Suspected al Qaeda Iraq chief still at large
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Abu Hamza al-Muhajir, alleged head of al Qaeda's Iraq wing, is not the man arrested in Mosul late Wednesday, a senior U.S. military official said on Friday, denying reports by Iraqi officials.
The leader of al Qaeda in Iraq is still being hunted, the U.S. military said on Friday, after Iraqi officials declared Abu Ayyub al-Masri had been caught in what is the latest episode of false claims about the militant.
The detention of Masri would have been another blow for al Qaeda, which has been forced to regroup in northern Iraq after a wave of U.S. military assaults in and around Baghdad.
Iraqi security sources had already begun to cast doubt on the earlier announcement that Masri, an Egyptian with a U.S. bounty of $5 million on his head, had been picked up in an operation in the northern city of Mosul on Wednesday.
One senior Iraqi security source in Mosul said the man caught in that raid was an Iraqi.
"He has not been detained," a senior U.S. military official told Reuters, without giving further details.
It is not the first time there has been confusion over the fate of Masri. Iraq's Interior Ministry said a year ago he had been killed, but soon afterwards Sunni Islamist al Qaeda released an audio tape purportedly from him.
Al Qaeda in Iraq was headed by the Jordanian militant Abu Musab al-Zarqawi until he was killed in a U.S. air strike in June 2006. His successor, Masri, was Zarqawi's close associate.
Earlier, Interior Ministry spokesman Major-General Abdul-Karim Khalaf said a detained associate of Masri took Iraqi security forces late on Wednesday to where the al Qaeda leader was apparently hiding.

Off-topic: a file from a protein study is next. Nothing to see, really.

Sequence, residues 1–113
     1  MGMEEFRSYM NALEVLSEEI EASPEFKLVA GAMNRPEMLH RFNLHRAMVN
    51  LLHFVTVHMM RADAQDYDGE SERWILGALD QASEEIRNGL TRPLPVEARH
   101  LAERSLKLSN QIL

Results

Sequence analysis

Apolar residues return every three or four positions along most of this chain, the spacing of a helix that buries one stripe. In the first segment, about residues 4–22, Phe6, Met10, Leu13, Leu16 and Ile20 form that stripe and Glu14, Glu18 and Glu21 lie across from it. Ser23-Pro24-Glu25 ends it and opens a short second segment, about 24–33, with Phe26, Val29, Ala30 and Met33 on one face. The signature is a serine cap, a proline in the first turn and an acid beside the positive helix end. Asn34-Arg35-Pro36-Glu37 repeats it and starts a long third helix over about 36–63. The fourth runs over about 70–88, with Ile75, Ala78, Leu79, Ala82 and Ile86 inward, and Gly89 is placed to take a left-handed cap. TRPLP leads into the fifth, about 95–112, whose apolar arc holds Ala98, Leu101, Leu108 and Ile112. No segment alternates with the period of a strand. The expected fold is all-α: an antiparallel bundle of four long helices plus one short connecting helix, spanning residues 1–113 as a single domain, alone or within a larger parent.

After being detained, the man said he was the al Qaeda in Iraq leader, who is also known as Abu Hamza al-Muhajir, Khalaf said.
BOMBING OF SHRINE
But a second Iraqi security source said the man detained in the operation just happened to also be called Abu Hamza, which in Arabic means father of Hamza. "Abu" is a common way for men who have children to be addressed in the Arab world.
Duraid Kashmula, the governor of Nineveh province of which Mosul is the capital, had told Reuters he was certain the detained man was Masri.
U.S. officials blame al Qaeda in Iraq for most big bombings in the country, including an attack on a revered Shi'ite shrine in Samarra in February 2006 that set off a wave of sectarian killings that nearly tipped Iraq into all-out civil war.
A build-up of U.S. troops last year allowed the military to conduct a series of offensives against the group. The emergence of Sunni Arab tribal security units also helped to provide intelligence on al Qaeda activities.
The result was that al Qaeda has largely been pushed out of Baghdad and its former stronghold in the western province of Anbar to areas in northern Iraq, such as Mosul.
U.S. generals say Mosul is al Qaeda in Iraq's last remaining urban stronghold in the country.
However, U.S. commanders warn that the group, while significantly weakened, can still carry out large-scale attacks.
Al Qaeda in Iraq shares a name and ideology if not organisational ties with Osama bin Laden's network, which was blamed for the Sept. 11, 2001 attacks on the United States.
The U.S. military says al Qaeda in Iraq is largely foreign led but that its foot soldiers are mainly Iraqis.
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